Note that the ligand (1st messenger) binds to the extracellular domain of its receptor. The remaining events are inside the cell. Details of G proteins, second messengers, etc. will be discussed later. In this case 2nd messenger is cAMP, and remaining steps are:

cAMP →* activate protein kinase (PKA) in cytoplasm  phosphorylate target enzymes stimulate multiple steps in synthesis and release of TH

Almost every step in this process involves an amplification. Steps with a * are 1:1. For all other steps, each protein modifies multiple target molecules or generates multiple molecules of product. For an estimate of the amount of amplification involved, see Becker 14-3 (target enzymes in Becker example are different, but rest is the same)**.

** The usual example for this type of modification cascade is the breakdown of glycogen, stimulated by the hormone epinephrine (adrenaline), which is the example in Becker fig. 14-3.   If you are interested in more details of the pathway, see Sadava 15.18 (15.15. ) or Becker fig. 14-24. (This example was the first to be discovered, but is more complex. It will be discussed later.)

c. By opening (ligand-gated) channels

General Idea:

 ligand binds   open a few ligand gated channels  a little ion flow hit threshold voltage open many (voltage-gated) channels big change in ion concentrations   big effect  

Specific example: Acetyl choline (AcCh). AcCh receptor is a Na+ channel opened by AcCh.

 AcCh binds   open a few ligand gated Na+ channels  a little Na+ flows in cell becomes less - inside; hits threshold voltage open many (voltage-gated) Na+ channels big change in Na+ concentrations   Muscle contracts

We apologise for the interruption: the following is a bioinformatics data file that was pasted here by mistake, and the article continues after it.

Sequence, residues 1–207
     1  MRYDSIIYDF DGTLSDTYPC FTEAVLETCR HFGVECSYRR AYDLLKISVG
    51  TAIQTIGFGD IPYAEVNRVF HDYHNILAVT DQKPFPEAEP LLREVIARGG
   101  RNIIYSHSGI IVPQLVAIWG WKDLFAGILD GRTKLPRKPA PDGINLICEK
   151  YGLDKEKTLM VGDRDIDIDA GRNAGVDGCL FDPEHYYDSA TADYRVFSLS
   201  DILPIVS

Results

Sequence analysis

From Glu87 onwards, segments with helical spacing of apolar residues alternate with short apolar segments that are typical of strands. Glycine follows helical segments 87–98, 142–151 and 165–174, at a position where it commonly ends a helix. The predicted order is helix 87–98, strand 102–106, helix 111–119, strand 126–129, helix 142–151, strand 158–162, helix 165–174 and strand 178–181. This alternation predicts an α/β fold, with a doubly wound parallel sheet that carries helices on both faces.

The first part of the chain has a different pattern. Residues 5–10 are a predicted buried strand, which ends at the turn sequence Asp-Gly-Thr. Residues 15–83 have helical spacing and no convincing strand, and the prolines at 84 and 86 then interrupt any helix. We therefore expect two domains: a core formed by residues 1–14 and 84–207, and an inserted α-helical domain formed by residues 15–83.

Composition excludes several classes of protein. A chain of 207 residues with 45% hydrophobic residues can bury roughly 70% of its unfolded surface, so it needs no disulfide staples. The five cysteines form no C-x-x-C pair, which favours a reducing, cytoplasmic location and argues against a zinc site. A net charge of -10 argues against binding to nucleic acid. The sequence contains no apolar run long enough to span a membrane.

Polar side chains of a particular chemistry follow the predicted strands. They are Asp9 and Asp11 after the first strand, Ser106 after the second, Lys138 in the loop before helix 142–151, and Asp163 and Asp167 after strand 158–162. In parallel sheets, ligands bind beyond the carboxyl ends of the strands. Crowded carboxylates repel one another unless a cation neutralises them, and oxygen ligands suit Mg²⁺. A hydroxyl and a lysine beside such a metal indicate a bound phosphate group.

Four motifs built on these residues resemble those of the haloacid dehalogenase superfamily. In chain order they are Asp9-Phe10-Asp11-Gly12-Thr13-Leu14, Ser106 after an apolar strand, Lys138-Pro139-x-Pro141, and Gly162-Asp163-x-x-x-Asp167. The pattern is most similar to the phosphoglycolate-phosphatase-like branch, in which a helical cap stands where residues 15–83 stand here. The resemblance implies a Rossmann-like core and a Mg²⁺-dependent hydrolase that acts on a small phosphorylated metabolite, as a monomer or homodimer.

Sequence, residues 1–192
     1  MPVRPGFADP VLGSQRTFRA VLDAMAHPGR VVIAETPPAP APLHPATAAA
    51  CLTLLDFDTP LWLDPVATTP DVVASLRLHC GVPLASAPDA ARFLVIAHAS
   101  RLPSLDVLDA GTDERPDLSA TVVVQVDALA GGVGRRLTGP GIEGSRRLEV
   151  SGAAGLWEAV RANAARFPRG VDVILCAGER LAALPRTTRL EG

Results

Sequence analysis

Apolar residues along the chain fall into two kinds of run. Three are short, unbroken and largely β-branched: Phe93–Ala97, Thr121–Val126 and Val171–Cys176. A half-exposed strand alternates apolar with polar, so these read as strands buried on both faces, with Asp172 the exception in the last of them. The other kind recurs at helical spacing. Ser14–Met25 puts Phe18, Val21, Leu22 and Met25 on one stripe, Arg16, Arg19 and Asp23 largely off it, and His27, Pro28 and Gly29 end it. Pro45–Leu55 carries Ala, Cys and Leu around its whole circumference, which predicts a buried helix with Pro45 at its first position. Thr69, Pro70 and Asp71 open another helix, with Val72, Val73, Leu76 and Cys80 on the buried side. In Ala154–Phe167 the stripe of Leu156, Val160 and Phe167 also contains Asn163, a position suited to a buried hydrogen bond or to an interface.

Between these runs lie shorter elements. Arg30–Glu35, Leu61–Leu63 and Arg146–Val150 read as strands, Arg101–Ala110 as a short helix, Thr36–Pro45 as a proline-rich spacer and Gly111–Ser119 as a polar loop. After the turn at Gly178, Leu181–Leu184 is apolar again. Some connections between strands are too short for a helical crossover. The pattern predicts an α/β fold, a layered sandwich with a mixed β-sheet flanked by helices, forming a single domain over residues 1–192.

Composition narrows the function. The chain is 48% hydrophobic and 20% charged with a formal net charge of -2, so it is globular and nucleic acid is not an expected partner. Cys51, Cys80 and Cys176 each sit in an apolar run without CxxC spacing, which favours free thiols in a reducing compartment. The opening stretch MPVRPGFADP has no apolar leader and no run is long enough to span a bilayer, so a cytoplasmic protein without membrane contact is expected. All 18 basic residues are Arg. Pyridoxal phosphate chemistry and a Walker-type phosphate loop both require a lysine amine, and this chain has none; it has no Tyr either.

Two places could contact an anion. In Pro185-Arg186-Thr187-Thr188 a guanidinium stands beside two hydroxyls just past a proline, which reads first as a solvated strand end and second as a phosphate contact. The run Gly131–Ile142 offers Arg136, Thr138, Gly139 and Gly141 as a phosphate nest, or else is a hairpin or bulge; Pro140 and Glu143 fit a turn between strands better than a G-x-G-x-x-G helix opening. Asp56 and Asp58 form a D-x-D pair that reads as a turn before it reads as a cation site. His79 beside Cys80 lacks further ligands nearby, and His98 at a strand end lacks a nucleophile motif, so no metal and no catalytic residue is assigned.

5. Types of Signals. Two main kinds of chemical signals -- lipid soluble and water soluble

Signal Type Example Receptor Type Effect
Lipid Soluble Thyroxine, steroids Intracellular* Gene activity
Water Soluble Peptide hormones, GF's Cell Surface Protein activity (usually)

*Note: Some lipid soluble signals have cell surface receptors in addition to their intracellular receptors. One such case is in the problem book. Cell surface receptors for lipid soluble signals have been discovered relatively recently, and will largely be ignored in this course.

6. Types of Receptors -- intracellular and on cell surface See Sadava 15.4

a. Intracellular -- for lipid soluble signals. All similar, all TF's -- details later.

b. On Cell Surface -- for water soluble signals. See Becker fig. 14-2.

(1). Receptors are transmembrane proteins with an extracellular binding domain for signal. These are sometimes called "extracellular receptors" but only ligand binding domain is extracellular, not the entire protein.

(2). Three major kinds of cell surface receptors --  Listed here for reference. Details of structure/function will be discussed as we go.

(a). G Protein Linked Receptors; Also called G Protein Coupled Receptors or GPCRs. (See TSH example above. More details to follow.  For an example, see Sadava 15.7)

(b). Tyrosine Kinase (TK) Linked Receptors. (These will be discussed later.) These generate cascades of modifications, but do not always use 2nd messengers. If you want to see an example, see Sadava 15.6 & 15.10 (15.6 & 15.9).

(c). Ion Channels. Receptor is part of an ion channel. (See AcCh Receptor above). To be discussed at length when we get to nerves. See Sadava 15.5.

Try problems 6-12 & 6-13.

Next time: Wrap up of whatever we don't finish. Then what are the main types of signals? How do the two basic types of signals work? What are G proteins and 2nd messengers?